Members: Aaron Shiflet, percussion; Clint Keener, fiddle; Dan Shiflet, accordion; Barry "Finbar" Jewels, mandolin; Joe Anderson, guitar; Roo Nevin, guitar and vocals
Who we talked to: Dan Shiflet and Nevin
How long have you been performing together?
Shiflet: It was probably about a little over two years ago (when) my brother Aaron and I and Barry, our mandolin player . . . and Joe, our guitar player . . . all got together at Aaron's house in Lancaster. We started to mess around with some traditional Irish songs. It's just a good common ground to be on musically.
What were some of those traditional tunes?
Nevin: "Holy Ground," "Foggy Dew" (and) other old stuff made famous by The Dubliners and The Clancy Brothers and stuff like that. It's kind of, you know, the jumping off point. We're still kind of young. We're still trying to really find our sound. Obviously, we have a lot of Celtic influence. We've just been trying to incorporate that into new originals. We have a lot of different kinds of backgrounds coming in to this band.
What were your different backgrounds?
Nevin: Back in the day, I guess, we all kind of started on punk rock. Then, we kind of went our separate ways, went into some rock 'n' roll. I come from doing a lot of bluegrass and folk traditional (music).
Shiflet: Mainly, most of us were all in that fire hall, local, punk-band scene. It was the thing to do back in high school. We've all known each other since we were teenagers, since we were old enough to hold instruments as young adults.
How did you decide to transition to Irish music?
Shiflet: Well, we all have that in our family tree. We're all from Irish descent mostly.
Nevin: I don't know. Barry just found out he's a Viking. (Laughs)
Do you think that there's a big audience for Irish music in York?
Shiflet: It's especially good in pubs and bars around York. Everywhere we've gone, it's gotten a great response. We've even played on street corners. We've gone just about everywhere with this music, and it's just universally appealing. Young and old love it.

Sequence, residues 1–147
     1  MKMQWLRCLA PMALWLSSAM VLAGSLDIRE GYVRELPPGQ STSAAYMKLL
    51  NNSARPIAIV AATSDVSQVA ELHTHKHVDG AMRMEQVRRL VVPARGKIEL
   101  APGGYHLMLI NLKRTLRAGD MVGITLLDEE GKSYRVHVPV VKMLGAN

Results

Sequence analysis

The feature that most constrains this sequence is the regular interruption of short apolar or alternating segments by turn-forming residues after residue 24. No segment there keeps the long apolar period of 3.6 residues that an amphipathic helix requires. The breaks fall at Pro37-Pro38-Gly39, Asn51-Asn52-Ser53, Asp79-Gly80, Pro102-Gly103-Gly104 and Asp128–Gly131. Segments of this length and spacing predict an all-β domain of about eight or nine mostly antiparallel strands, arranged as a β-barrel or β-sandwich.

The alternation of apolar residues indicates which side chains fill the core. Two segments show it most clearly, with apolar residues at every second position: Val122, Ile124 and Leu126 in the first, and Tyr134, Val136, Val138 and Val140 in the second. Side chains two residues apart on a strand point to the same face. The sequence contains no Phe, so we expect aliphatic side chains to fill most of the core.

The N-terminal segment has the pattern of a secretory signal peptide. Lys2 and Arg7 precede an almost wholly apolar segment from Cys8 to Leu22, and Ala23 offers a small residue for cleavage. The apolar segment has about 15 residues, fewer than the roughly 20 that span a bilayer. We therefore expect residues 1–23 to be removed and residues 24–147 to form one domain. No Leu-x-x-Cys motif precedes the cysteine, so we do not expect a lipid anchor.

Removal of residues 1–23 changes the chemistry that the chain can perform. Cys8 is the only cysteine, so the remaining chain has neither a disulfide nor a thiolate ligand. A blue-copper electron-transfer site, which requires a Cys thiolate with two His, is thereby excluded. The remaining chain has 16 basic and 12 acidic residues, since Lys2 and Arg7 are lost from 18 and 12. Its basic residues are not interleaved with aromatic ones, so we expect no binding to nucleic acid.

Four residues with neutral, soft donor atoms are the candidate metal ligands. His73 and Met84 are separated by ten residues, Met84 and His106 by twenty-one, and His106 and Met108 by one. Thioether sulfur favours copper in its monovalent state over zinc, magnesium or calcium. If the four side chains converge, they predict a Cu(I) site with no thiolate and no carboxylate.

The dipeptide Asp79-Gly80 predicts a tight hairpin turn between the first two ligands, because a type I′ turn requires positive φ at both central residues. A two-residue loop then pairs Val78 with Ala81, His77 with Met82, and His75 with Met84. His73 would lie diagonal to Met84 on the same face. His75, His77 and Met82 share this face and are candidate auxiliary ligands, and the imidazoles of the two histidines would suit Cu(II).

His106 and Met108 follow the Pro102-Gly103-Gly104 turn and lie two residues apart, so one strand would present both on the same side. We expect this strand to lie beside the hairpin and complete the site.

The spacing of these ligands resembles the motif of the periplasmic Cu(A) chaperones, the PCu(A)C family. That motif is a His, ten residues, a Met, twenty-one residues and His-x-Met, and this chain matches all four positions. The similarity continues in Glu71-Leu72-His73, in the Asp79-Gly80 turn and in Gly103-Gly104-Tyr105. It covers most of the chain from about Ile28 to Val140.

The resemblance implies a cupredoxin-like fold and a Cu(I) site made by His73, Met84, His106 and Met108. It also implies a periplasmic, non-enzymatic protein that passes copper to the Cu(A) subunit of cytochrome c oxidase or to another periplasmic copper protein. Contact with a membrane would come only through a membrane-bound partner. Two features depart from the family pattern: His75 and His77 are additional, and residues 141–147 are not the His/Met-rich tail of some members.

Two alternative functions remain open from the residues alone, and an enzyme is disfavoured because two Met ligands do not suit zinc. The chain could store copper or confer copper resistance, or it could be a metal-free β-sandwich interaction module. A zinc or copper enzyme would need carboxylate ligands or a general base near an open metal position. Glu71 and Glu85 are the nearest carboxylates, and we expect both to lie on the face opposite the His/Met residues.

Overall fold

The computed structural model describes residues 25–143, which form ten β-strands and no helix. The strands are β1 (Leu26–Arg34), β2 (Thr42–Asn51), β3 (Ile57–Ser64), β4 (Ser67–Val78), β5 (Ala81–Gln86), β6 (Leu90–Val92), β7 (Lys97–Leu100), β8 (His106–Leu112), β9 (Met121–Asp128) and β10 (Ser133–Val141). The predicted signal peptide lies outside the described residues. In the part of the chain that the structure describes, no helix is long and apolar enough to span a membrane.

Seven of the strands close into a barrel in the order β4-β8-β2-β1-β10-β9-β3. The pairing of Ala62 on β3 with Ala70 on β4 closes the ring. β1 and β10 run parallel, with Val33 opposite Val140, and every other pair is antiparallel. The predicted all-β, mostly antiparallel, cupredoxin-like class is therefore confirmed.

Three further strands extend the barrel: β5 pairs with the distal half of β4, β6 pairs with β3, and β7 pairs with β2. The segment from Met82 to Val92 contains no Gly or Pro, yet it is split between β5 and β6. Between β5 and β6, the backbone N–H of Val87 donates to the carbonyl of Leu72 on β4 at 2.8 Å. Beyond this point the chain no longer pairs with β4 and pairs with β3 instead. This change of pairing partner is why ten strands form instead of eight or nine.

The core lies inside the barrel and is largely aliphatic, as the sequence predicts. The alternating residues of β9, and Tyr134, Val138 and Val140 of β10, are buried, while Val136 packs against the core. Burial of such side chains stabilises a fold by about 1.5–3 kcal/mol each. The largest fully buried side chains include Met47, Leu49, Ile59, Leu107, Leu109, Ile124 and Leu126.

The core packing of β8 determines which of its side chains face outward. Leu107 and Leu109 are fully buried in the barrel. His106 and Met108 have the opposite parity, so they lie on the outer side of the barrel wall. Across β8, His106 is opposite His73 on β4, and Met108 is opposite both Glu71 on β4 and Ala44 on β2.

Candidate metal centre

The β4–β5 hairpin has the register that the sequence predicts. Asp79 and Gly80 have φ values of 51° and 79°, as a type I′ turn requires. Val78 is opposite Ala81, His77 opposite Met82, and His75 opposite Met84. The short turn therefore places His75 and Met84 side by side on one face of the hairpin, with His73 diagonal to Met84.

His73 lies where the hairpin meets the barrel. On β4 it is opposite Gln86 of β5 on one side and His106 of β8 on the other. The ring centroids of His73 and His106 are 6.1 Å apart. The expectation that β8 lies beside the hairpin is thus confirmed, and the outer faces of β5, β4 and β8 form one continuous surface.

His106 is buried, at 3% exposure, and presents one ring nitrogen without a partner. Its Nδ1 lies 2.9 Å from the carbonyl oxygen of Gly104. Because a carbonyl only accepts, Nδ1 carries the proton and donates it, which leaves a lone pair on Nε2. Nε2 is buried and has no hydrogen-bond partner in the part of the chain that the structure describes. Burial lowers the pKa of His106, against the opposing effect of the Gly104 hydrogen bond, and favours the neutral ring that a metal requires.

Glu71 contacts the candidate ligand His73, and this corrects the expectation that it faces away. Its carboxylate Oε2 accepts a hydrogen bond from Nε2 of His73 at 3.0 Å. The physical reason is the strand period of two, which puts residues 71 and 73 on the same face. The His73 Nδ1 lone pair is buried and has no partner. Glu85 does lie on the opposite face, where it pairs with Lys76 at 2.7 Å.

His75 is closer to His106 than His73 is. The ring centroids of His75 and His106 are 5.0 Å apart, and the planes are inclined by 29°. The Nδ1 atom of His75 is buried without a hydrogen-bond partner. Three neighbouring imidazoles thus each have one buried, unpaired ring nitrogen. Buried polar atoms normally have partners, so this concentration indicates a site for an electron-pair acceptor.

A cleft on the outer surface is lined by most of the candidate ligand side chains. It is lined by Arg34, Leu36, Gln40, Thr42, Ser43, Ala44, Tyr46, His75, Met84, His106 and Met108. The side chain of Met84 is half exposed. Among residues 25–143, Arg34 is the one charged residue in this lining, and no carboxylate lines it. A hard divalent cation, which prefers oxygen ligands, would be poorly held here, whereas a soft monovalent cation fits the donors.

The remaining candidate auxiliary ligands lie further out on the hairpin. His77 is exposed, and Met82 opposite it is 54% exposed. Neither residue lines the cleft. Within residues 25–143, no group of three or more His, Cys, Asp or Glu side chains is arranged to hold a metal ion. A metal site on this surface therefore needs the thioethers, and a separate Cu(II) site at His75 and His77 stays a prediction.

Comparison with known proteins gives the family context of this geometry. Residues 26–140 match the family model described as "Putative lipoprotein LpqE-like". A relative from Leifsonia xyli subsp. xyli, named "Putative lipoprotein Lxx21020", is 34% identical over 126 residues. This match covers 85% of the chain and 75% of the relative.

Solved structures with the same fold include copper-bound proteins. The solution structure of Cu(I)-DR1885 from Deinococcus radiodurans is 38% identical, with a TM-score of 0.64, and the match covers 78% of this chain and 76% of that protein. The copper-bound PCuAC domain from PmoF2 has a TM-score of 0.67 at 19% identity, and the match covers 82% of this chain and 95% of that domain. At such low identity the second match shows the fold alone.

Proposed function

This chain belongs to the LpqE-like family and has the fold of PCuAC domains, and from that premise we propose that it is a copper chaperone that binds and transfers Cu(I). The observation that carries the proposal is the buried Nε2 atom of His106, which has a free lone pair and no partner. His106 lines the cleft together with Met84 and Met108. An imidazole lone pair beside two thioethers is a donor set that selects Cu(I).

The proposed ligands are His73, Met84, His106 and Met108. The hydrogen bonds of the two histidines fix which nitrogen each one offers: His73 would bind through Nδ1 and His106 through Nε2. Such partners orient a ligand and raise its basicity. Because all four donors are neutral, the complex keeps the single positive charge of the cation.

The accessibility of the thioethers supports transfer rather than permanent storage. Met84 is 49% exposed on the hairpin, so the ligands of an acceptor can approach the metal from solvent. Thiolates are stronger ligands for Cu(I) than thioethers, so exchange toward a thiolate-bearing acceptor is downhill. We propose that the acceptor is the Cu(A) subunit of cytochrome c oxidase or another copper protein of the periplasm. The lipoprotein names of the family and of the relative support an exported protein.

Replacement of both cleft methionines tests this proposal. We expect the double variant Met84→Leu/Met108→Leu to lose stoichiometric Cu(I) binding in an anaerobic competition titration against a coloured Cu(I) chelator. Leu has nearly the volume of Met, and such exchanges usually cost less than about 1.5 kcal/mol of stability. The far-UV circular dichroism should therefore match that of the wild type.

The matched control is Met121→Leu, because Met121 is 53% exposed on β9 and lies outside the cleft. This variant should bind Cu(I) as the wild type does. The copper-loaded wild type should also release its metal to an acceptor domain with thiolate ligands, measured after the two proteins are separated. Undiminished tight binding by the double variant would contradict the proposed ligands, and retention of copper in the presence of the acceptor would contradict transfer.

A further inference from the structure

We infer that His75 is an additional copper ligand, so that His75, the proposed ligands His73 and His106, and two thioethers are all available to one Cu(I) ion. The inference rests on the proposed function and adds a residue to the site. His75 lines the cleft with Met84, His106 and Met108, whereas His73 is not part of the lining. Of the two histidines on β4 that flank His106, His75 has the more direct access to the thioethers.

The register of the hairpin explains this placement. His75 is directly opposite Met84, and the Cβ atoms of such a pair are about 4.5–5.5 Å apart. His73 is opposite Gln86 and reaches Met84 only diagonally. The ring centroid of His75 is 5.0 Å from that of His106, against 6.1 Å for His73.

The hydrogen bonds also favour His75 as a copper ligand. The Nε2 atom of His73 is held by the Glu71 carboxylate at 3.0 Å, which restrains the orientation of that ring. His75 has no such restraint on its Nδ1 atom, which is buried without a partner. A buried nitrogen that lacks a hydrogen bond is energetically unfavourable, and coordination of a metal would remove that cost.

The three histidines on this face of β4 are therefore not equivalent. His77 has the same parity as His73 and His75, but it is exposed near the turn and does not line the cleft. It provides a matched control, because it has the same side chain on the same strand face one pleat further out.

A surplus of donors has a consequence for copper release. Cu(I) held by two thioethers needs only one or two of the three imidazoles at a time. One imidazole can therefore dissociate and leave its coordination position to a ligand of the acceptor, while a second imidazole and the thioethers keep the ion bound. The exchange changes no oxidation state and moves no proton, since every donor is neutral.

Nevin: The best places, I think . . . are the real small (places like) the (First Capital Dispensing Co.) and Granfalloons. (We like) those small, kind of intimate settings where people can just grab the mic.
One of York's Irish bars, The Harp and Fiddle, closed in July. Were you guys bummed about that?
Shiflet: We were looking to play there, actually. We did play one small session with them. (It was) a 40-minute set. We could tell back then that things weren't quite going well for The Harp and Fiddle. We were sad to see them go, especially since they were sponsors for the St. Patrick's Day Parade and . . . they were the only Irish pub in York. I hope something else opens up there or somewhere else.
Are you guys looking to play regionally, or are you focusing on honing your sound now?
Nevin: We've been playing at Garry Owen out in Gettysburg a lot, too. That's kind of been our home away from home.
Shiflet: Actually, as it stands right now with our current members, we're going to probably cut back on shows until after maybe January or February 2010 so we can regroup and write some new songs. We're just inundated with (show offers). We've gotten offers from places in New York, New Jersey and Baltimore. The more media we put on the Web site and just word-of-mouth, the more it seems to keep it building.
Where did the band name come from?
Shiflet: A long time ago in Ireland, my brother and I had a . . . great-great-grandfather named Patrick Francis Garrahan. He was a tinker by trade. He came to the Unites States in the 1880s or something like that. I'm not sure if he played any instruments or sang, but I'm sure he knew all the songs we still play because a lot of them are hundreds of years old. The only downfall with our band name is that not everybody gets the spelling right, so when they Google it . . . they end up getting something else.
What's coming up for you in the future?
Shiflet: The next step in the phase of this band is to put out a full-length album. We still have yet to choose a studio. It's anyone's guess at this point as to where this might be.
Nevin: We've been tossing around the idea of going to Ireland. That's been up in the air for a little while. It's been a dream of all of ours, I think.
- ERIN McCRACKEN, FLIPSIDE STAFF
If you go
See Garrahan's Ghost perform at 10 p.m. Oct. 10 at The Stage On Herr, Susquehanna and Herr streets in Harrisburg. Cover is $5.